In the West Virginia Voices of War documentary, I interviewed two men who were present at Omaha and Utah beaches in June of 1944. Neither went in on the first wave, but both ended up crossing France and Germany with the Army and were there until the very end of the war.
US Army. WWII. Technician 4.
I finished high school and my number come up and I was drafted. May 7, 1943. I had never been out of West Virginia. They took us to Huntington for examination and they sent us home for a week to get everything in order. A young buck like me, I didn’t have nothing to get in order.
Crossing, I was sick 10 days out of 12 going over. I lived on peanuts and Coca-Cola. Waves looked like they were 40 feet high. We went to Glasgow Scotland and then worked down to Plymouth England. We didn’t know what it was for, but we were loading for the invasion.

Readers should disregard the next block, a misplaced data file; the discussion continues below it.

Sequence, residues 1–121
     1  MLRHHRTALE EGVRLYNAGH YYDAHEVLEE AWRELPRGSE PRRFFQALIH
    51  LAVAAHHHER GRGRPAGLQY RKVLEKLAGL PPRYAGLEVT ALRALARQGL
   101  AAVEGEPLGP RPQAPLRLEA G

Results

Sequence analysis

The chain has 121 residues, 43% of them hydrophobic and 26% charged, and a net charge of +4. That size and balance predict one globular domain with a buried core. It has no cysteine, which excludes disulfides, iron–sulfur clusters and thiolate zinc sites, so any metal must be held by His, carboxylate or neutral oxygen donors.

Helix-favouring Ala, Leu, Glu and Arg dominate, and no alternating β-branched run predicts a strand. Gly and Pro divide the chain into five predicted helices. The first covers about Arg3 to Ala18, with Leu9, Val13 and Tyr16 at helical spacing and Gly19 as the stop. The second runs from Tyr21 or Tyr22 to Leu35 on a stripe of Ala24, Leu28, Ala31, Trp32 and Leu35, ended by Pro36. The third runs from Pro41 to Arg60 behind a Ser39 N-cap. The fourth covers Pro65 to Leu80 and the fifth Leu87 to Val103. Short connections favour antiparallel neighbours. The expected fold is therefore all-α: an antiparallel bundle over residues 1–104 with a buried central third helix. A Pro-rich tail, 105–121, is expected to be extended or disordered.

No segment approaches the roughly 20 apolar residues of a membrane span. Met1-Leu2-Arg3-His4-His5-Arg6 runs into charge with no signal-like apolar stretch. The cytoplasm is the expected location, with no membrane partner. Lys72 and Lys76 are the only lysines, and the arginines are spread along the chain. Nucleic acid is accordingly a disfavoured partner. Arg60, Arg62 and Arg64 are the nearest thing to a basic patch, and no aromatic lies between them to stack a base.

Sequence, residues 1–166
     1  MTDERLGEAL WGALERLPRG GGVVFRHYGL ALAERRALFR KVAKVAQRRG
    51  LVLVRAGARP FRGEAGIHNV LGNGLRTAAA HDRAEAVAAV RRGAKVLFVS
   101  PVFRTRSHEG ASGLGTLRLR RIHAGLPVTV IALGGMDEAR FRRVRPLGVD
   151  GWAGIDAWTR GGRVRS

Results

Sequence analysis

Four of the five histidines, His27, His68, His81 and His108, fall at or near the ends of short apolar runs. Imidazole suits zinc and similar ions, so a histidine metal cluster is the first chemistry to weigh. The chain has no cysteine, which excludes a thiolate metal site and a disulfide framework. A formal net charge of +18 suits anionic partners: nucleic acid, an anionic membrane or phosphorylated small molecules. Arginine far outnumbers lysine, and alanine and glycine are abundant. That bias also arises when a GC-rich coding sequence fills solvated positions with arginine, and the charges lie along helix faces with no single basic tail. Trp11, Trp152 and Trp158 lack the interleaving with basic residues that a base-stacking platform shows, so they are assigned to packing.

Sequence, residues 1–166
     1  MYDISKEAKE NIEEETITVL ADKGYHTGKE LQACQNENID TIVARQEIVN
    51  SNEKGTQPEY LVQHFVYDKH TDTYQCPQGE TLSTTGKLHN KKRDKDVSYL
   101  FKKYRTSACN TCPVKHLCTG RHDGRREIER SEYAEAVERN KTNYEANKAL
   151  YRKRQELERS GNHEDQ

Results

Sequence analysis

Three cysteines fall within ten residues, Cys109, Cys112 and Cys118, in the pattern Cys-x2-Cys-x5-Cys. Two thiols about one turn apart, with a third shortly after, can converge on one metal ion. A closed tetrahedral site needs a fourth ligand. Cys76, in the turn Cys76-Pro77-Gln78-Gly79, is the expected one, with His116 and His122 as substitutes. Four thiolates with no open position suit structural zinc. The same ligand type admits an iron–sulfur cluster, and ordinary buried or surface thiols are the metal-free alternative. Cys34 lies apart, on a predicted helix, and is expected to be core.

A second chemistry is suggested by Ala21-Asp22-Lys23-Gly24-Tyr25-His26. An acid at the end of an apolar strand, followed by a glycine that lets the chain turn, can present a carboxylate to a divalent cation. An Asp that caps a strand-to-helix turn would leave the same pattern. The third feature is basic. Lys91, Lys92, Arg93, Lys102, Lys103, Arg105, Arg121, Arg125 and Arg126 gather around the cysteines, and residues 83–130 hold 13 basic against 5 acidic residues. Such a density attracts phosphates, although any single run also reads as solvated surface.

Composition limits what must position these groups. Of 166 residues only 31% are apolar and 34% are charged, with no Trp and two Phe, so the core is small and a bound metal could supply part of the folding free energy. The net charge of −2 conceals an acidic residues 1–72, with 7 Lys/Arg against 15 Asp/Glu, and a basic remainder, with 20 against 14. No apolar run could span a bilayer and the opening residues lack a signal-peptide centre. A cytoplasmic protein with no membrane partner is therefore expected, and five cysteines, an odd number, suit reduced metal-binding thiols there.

We had air raids every night while we were in England. We had air raid shelters. We would go, most of the time you had no clothes on, just in your underwear and grab your pants. People coming in there half dressed.
We just had enough to eat, to keep the hunger down. We went to chow one night; they asked “What do you want to eat?” It shocked us. We said “What do you mean?” We knew something was up but we didn’t know what. It lasted one day and then the next night we shipped out. We went inland to an old camp and then the next morning they got us up bright and early, there was a catholic chaplain and a protestant chaplain. One of them said, “Where we’re going some of you will make it and some of you won’t.” You heard some groans but that was about it. We were not told until we were on that ship getting ready to land what was going on. We knew something was up, but they kept it that quiet. Went in on D-Day.